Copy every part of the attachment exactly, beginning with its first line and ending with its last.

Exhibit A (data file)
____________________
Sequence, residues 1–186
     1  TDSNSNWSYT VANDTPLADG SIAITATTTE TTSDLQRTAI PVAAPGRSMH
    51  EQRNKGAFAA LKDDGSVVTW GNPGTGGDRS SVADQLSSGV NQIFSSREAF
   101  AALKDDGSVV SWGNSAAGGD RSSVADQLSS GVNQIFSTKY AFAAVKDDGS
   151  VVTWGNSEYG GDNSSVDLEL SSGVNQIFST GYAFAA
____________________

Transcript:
Sequence, residues 1–186
     1  TDSNSNWSYT VANDTPLADG SIAITATTTE TTSDLQRTAI PVAAPGRSMH
    51  EQRNKGAFAA LKDDGSVVTW GNPGTGGDRS SVADQLSSGV NQIFSSREAF
   101  AALKDDGSVV SWGNSAAGGD RSSVADQLSS GVNQIFSTKY AFAAVKDDGS
   151  VVTWGNSEYG GDNSSVDLEL SSGVNQIFST GYAFAA